Author of cabbage cookbook writes big check for PEI women’s shelter

A cookbook focused on the humble cabbage may have been “a bit of a lark,” as author Ann Thurlow describes it, but it’s become a boon for a women’s shelter in Charlottetown.

“I had the idea that if I could sell 500 of these cookbooks, that would be amazing,” Thurlow told CBC PEI. Main Street host Matt Rainnie.

“I thought 500 cookbooks would be the ultimate best thing.”

For months after the October 2021 release of My PEI Cabbage Cookbook, there was no sign that he would do anything more than that. But then the media started paying attention.

There was national coverage on CBC radio and in the Globe and Mail. And then there was the New York Times.

Thurlow, fan of Time Editor Sam Sifton for many years noticed a cabbage recipe in one of her columns and decided to send her a copy of her book. Shortly after, she woke up from a nap to her phone buzzing with messages from friends. Sifton had mentioned his book in his column.

Newer editions of the book feature a quote from the New York Times review by Sam Sifton. (Kevin Yarr/CBC)

“I was groggy after my nap and I was like, ‘Is this a dream?'” she said.

This was not the case, and orders started coming in from all over the United States in addition to a crop of Canadian orders.

“Things started to go a little viral,” said John Barrett, director of sales, marketing and development for Veseys Seeds Ltd., the York, PEI company that distributes the book.

“Over the past winter things have really started to take off.”

A pandemic project

The book sold approximately 4,000 copies.

“Everybody is really surprised because nobody ever considers cabbage something special or fun or important,” Thurlow said.

His own love of cabbage is now legendary.

An inside page from My PEI Cabbage Cookbook, featuring a drawing of a bin full of cabbage and a MacKenzie Produce sign.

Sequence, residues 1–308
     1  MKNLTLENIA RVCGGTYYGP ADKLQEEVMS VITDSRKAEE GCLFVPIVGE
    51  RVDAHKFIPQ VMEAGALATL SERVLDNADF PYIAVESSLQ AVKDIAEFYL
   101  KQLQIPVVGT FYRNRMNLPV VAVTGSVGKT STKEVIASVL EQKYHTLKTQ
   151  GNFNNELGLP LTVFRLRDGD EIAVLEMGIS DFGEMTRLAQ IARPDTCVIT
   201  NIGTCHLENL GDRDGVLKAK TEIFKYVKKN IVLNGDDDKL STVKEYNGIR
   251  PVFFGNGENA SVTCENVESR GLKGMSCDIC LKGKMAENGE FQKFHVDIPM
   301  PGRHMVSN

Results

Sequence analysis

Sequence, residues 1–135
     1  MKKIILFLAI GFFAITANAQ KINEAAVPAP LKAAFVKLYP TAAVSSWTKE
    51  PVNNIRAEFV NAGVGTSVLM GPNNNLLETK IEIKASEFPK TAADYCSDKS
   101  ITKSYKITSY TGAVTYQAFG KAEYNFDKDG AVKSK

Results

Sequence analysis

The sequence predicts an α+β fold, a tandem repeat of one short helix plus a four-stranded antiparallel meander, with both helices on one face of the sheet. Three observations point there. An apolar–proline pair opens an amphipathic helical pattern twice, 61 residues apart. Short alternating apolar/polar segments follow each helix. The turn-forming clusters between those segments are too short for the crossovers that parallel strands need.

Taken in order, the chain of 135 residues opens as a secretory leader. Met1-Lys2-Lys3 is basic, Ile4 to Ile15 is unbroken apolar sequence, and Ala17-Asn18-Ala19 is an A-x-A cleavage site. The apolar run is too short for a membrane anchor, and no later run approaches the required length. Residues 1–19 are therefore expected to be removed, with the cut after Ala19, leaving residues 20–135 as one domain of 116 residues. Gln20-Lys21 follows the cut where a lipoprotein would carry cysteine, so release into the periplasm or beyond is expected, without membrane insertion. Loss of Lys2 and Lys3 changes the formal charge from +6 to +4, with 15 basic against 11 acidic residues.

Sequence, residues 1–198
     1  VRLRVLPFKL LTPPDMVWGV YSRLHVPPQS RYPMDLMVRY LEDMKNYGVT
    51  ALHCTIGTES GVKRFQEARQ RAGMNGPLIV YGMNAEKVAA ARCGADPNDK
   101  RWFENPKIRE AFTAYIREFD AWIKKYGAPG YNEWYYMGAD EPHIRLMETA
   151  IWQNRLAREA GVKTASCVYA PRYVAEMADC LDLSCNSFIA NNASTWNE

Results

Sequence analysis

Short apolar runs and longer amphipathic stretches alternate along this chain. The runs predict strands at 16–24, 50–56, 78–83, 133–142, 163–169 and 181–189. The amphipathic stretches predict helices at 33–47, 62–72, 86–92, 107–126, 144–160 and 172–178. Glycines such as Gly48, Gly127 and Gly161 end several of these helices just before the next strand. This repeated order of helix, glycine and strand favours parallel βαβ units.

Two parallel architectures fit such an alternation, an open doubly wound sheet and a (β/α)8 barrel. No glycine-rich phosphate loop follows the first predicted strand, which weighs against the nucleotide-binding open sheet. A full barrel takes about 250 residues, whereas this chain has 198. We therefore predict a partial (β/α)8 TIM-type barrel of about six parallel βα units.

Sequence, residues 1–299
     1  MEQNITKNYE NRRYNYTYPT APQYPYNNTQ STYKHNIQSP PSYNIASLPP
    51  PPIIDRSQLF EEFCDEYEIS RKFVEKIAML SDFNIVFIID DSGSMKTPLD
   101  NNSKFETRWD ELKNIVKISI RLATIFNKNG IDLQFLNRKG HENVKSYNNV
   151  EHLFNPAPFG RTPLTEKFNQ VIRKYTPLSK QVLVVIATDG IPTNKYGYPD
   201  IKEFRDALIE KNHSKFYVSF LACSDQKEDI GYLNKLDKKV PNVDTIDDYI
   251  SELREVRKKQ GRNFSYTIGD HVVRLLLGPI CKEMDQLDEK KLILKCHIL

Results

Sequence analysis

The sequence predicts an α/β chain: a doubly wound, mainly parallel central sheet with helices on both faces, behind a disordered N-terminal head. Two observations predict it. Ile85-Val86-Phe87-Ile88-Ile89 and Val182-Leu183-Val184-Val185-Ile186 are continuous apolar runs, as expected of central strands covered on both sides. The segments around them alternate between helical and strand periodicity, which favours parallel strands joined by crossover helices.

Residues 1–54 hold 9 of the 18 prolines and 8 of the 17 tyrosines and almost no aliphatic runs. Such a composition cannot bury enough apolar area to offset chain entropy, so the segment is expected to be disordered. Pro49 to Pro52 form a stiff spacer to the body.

The book features illustrations by Rebecca Ford. This illustration references MacKenzie Produce, whose problems with cabbage surplus during the pandemic inspired the book. (Kevin Yarr/CBC)

The idea was born after media coverage of cabbage growers just outside of Charlottetown, who saw bottoms falling from their market as restaurants were closed in the early months of the COVID-19 pandemic. It made Thurlow think she had to do something to raise the profile of this underrated vegetable.

She started collecting recipes and was surprised how much nostalgia is attached to cabbage.

“Inevitably, it’s ‘My grandmother made the best cabbage’ [or] “My mom made this puff and it was amazing,” Thurlow said.

But in addition to this nostalgia, Thurlow has also collected many contemporary recipes.

Do more

The book was always intended to be a fundraiser. On Wednesday, Thurlow will close the circle on the matter by presenting a check for $12,000 to Blooming House, a local women’s shelter.

“I love what Blooming House does,” Thurlow said. “They don’t just provide shelter, they provide follow-up. They have a lot of clients that they follow up and have found homes for, and they follow them and support them.”

Every quarter we’re going to get a little something out of that book that’s sold.— Liz Corney, Flower House

For Blooming House, which has only been in business for about four years, the donation is special, not least because the shelter will continue to collect royalties from the book.

“We want to be able to do more and I think that’s what Ann’s donation was for,” said Liz Corney, chief development officer and co-founder. “Something that we can say, ‘OK, every quarter we’re going to get a little bit of something out of this book that’s sold’ is huge for us.”

And after

With some relief, Thurlow transfers responsibility for any reprints of My PEI Cabbage Cookbook. in Veseys.

John Barrett poses with Ann Thurlow
John Barrett of Veseys Seeds supports the publication of My PEI Cabbage Cookbook. (Matt Rainnie/CBC)

This might give him more time for his next project.

“I’m still a big underdog fan and I want to help the underdog,” she said. “There are other vegetables that I think are grown in PEI but not appreciated,”

She thinks of pumpkins, which are mostly for decoration. We don’t eat them and we should, she says.

Don’t be surprised to see it attacking eggplants as well.

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